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Special Edition: Telling Our Own Story
Telling Our Own Story: Canadian DPOs Apply Nothing About Us Without Us Principle to UN Review of Canada's Record on Human Rights
Canadian history will be made at the UN in Geneva on April 3 and 4 2017. For the first time, the UN Committee on the Rights of Persons with Disabilities will review Canada's implementation of the CRPD. During a country review, the CRPD Committee studies written submissions and dialogues with both government representatives and members of civil society. At the review's conclusion, the Committee will issue recommendations (referred to as ‘concluding observations’ or COs ) for strengthened implementation of the CRPD in Canada. Since 2015, Canadian disability organizations have been working together, sharing information, grounded in a disability rights analysis, with the Committee. Our goal has been to expand upon what has been submitted by the federal, provincial and territorial governments of Canada. I have observed that, while Canada's report to the Committee tells the truth, it is not necessarily the whole truth, and we have worked hard to paint a more detailed picture of what it is like to be a person with a disability in Canada.
Just as the principle “nothing about us without us” guided our work during the drafting of the Treaty, we’ve continued to follow the same approach in the development of the Parallel Report. Thus the disability community has been engaging with the Committee throughout the review process. The disability community has submitted questions and reports to the Committee. And now we are mounting a strong civil society delegation representing a diverse range of interests and perspectives, to meet face-to-face with the CRPD Committee in April. We will again use the lens of lived experience to clarify what the federal, provincial and territorial governments of Canada have told the Committee about the human rights of people with disabilities in Canada.
At the time of writing, our delegation consists of: Kerri Joffe (ARCH Disability Law Centre), Randy Steffan (Alzheimer Society Canada), Phyllis Fehr (Ontario Dementia Advisory Group), Neil Balanger (BC Aboriginal Network on Disability Society), Michael Bach (Canadian Association for Community Living), Frank Folino (Canadian Association of the Deaf), Jewelles Smith (Council of Canadians with Disabilities ), Maureen Haan (Canadian Council on Rehabilitation and Work), Michele Biss and Laura Catteri (Canada Without Poverty), Kathleen Pye (Egale), Keiko Thomas and Meaghan Shevell (McGill University), and myself in the role of co-ordinator.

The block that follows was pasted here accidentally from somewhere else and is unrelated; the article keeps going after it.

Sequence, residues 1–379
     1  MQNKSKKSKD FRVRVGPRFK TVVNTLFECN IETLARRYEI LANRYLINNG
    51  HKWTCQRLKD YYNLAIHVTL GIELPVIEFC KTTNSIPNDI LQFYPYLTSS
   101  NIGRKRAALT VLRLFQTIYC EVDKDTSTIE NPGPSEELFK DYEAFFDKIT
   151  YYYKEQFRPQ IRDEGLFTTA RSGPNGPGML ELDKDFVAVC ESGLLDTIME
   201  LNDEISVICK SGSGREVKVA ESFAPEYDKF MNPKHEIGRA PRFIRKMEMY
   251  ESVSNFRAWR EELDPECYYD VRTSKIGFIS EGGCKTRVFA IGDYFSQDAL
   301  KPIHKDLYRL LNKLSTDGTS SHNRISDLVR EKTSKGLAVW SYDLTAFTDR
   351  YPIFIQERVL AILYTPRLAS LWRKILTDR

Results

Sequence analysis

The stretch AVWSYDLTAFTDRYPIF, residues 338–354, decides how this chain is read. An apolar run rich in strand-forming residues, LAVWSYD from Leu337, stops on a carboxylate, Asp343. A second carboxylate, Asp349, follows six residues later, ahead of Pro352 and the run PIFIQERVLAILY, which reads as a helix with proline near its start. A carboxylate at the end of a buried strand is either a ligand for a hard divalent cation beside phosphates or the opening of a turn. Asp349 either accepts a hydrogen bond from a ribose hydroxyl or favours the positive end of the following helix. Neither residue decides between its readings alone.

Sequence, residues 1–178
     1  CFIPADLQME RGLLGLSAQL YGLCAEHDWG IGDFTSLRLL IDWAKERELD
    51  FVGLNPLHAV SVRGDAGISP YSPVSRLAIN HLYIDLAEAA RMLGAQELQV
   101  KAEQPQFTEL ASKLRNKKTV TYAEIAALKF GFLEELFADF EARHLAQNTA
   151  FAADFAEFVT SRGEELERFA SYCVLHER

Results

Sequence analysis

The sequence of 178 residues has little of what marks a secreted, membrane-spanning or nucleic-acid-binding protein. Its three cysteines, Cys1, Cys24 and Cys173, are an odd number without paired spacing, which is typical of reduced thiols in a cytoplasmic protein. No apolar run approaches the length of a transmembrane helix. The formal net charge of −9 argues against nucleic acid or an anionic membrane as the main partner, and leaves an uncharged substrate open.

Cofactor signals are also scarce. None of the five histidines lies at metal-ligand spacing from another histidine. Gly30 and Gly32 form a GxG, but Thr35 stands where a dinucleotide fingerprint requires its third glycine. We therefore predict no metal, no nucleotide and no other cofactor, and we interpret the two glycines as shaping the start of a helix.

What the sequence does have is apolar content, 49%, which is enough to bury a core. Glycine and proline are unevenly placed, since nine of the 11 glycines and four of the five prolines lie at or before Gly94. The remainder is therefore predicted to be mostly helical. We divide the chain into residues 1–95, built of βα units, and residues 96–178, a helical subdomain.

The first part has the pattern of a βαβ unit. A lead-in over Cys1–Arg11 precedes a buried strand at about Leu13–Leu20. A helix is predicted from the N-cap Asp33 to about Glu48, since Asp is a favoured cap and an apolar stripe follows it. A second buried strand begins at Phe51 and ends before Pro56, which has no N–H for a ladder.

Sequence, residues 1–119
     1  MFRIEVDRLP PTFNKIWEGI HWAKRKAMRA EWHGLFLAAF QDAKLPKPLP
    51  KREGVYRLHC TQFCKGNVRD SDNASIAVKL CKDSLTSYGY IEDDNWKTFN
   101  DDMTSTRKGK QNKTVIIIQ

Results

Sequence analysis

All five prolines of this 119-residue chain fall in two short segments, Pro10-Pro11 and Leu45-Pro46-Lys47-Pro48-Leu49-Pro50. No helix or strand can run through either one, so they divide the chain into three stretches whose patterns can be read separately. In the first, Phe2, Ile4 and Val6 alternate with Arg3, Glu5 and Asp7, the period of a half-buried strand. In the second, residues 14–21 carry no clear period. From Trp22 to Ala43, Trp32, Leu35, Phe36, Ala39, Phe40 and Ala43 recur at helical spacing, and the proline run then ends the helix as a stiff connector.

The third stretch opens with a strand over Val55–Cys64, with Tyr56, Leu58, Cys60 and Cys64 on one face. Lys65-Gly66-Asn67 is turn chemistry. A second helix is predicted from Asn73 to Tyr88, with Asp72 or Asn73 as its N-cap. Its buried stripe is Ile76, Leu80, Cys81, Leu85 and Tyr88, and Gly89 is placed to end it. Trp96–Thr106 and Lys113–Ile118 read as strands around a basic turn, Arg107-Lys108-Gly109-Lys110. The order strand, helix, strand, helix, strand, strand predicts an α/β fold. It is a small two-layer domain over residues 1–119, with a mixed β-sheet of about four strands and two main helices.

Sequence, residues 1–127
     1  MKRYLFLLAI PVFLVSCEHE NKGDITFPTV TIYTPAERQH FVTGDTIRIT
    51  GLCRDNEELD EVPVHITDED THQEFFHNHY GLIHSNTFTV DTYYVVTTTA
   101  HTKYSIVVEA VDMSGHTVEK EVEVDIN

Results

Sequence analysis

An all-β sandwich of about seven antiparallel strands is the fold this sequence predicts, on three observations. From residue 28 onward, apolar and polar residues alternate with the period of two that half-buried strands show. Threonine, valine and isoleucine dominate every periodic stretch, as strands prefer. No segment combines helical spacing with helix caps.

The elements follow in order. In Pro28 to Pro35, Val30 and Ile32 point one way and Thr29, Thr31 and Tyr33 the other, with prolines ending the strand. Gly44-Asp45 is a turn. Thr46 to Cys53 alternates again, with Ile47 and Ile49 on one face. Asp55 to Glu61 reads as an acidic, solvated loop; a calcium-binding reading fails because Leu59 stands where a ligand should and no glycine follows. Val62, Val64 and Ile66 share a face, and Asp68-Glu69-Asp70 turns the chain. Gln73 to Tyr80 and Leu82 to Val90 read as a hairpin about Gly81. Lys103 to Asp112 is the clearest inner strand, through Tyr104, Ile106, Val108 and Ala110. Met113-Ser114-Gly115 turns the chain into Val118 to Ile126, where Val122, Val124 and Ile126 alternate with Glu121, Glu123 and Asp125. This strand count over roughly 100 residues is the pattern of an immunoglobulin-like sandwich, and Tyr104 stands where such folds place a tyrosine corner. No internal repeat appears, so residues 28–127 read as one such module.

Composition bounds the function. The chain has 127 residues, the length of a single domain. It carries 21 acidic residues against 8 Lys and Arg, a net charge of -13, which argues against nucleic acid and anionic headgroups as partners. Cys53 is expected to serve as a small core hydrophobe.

The 18 member CRPD Committee is made up of independent experts from the global disability community. Like all of us, they each have issues about which they are very passionate. Through the List of Issues that the Committee submitted to Canada, which raised a number of questions, we have an indication of topics the Committee wishes to explore. The situation of Indigenous persons with disabilities, for example, figured prominently in the List of Issues. We are fortunate that Neil Balanger, Executive Director of the BC Aboriginal Network on Disability, will be meeting with the Committee, as he will elaborate on how societal responses to the cross-cutting factors of disability and Aboriginal status affect the enjoyment of human rights. These cross-cutting issues, be they related to Indigenous people, women, the LGBT community, children with disabilities, amongst others, will be a focus of our discussions, and it’s a real testimony to the power and potential of the CRPD that it provides a forum to bring together advocates from such diverse backgrounds.